To continue an ongoing dialogue about how migrants and host societies perceive their environments and identities through the lenses of media and popular culture.
Scholars and filmmakers from a broad range of disciplines and professionals working on the history, present, and future of the film and screen experience related to migrants and places. We welcome interdisciplinary/transdisciplinary and international approaches. We aim to produce an edited volume of papers and an online volume of media projects from the Flickering Landscapes Conference.
- What films or television shows about migration and landscapes constitute key texts for investigation?
- Which stories of migration and landscapes are favored in screen media and which are not?
- What changes when migrants participate in the making of screen representations about their experiences?
- How do host attitudes about migrants’ place of origin, race, religion, class, and gender get represented in moving images?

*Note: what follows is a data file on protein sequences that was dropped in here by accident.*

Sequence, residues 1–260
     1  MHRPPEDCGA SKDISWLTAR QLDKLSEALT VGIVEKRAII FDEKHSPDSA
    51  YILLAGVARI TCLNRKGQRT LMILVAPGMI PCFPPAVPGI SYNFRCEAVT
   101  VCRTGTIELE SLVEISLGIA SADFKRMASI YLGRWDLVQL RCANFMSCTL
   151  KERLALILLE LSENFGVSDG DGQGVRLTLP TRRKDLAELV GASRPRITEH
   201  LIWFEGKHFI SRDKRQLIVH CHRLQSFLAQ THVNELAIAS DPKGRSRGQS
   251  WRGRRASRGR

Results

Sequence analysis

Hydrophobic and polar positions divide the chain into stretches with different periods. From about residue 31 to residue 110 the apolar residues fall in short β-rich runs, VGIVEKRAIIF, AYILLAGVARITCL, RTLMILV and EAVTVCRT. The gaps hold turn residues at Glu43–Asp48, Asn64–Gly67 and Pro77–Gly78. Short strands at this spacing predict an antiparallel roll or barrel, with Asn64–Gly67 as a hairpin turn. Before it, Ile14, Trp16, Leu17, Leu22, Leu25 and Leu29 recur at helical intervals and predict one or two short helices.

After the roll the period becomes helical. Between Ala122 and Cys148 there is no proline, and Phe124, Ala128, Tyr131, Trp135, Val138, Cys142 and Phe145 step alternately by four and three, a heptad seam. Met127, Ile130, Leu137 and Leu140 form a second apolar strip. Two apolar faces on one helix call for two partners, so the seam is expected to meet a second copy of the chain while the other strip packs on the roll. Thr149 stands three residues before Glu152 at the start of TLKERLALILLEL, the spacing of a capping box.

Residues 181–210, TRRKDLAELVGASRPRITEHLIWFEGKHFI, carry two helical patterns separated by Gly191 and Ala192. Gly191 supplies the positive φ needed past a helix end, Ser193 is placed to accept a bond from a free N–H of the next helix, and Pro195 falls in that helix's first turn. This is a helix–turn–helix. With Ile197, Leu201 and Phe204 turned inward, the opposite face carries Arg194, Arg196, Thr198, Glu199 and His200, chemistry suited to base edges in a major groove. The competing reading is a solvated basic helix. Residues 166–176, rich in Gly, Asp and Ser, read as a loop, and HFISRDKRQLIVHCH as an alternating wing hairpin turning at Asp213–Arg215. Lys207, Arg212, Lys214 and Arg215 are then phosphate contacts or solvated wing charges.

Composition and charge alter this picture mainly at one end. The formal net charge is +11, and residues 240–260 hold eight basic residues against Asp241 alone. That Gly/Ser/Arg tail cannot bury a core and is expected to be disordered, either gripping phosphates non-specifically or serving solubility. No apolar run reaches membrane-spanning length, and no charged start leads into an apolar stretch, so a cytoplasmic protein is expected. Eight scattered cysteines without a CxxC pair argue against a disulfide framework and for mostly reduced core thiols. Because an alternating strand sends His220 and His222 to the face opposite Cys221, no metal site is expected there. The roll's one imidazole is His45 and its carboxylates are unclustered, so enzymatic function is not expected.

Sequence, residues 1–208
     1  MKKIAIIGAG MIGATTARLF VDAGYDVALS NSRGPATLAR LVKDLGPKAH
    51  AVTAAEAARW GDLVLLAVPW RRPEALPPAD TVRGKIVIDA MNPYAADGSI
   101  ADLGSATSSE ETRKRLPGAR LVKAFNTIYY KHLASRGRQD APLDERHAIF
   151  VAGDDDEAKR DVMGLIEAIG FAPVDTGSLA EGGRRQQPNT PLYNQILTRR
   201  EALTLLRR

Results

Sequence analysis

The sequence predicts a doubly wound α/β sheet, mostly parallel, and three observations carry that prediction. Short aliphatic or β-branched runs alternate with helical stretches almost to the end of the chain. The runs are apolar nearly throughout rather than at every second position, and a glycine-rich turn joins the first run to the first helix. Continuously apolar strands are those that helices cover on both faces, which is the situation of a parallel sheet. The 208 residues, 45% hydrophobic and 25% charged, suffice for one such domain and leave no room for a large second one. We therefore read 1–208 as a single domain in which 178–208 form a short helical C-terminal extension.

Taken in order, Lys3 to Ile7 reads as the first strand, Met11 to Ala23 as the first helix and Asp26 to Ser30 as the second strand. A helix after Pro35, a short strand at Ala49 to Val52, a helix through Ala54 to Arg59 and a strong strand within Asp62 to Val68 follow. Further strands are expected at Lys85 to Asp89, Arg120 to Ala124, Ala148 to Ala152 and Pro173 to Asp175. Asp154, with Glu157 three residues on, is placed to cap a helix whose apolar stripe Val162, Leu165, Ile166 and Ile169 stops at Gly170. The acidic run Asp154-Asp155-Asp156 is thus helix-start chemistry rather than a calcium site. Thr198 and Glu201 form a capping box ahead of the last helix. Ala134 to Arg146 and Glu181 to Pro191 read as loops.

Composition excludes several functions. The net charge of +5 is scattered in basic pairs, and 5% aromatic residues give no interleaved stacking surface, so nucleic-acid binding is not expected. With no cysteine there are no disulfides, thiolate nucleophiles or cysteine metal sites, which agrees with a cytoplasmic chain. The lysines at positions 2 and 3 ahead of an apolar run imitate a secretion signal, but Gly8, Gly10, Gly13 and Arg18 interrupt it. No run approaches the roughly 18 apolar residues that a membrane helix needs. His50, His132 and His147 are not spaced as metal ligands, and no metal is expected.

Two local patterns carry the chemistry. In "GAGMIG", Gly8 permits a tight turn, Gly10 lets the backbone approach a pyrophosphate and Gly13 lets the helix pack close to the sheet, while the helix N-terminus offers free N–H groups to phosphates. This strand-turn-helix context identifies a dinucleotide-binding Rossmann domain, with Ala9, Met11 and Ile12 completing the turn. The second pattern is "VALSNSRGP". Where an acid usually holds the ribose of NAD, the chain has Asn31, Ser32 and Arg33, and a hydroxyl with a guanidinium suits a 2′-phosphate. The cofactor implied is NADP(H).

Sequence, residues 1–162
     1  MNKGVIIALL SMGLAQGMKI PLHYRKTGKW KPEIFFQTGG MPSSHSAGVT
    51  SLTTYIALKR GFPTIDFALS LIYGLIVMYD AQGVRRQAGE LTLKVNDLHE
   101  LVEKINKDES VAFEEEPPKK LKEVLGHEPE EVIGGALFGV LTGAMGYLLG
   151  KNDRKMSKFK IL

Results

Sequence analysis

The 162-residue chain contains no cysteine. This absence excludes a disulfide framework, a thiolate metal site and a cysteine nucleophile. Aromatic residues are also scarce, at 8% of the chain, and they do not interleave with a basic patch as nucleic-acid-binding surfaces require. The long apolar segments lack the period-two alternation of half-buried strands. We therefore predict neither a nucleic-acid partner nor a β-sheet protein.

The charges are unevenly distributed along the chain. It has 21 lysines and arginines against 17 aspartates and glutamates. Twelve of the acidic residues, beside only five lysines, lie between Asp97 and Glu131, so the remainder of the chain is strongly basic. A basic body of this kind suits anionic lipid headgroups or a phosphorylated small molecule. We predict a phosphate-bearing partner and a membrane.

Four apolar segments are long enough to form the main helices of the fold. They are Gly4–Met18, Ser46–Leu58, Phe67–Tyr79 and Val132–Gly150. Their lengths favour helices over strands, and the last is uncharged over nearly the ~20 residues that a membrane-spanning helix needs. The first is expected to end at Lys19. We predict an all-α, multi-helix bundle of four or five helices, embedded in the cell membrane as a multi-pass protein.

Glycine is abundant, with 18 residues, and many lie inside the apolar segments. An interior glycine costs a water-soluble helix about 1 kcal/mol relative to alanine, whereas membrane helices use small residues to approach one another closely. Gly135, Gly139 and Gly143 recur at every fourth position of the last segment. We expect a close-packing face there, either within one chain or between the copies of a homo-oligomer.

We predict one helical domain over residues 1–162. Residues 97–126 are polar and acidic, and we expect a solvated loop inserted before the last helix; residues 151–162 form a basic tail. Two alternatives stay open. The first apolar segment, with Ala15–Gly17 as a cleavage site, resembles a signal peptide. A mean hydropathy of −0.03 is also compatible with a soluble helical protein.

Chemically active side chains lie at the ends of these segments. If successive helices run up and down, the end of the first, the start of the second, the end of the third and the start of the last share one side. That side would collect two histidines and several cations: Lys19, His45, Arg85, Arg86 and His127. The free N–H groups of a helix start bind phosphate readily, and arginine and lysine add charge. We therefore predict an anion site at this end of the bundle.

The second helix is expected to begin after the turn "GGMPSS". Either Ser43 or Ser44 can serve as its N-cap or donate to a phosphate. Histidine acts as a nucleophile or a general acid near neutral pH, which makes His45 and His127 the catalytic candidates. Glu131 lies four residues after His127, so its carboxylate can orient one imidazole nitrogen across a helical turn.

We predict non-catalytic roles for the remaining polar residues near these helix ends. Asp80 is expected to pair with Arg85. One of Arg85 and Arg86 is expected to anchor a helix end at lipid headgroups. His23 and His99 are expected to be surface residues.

- How do laws and the policing apparatus affect the people and places involved in migration?
- Do popular representations of migration and place in screen media align withstudies by scientists and agencies who work with migration issues?
- How have political media campaigns used the moving image to create or empower anti-immigrant movements based on fear and resentment? How successful have counter-efforts been at quelling anti-immigration movements?
- What do film and other genres of the moving image say about the role of landscape as a driving force in migration? For instance, how are the effects of climate change on landscapes represented in these images?
- How do moving image texts represent the sense of home and homelessness for immigrant communities?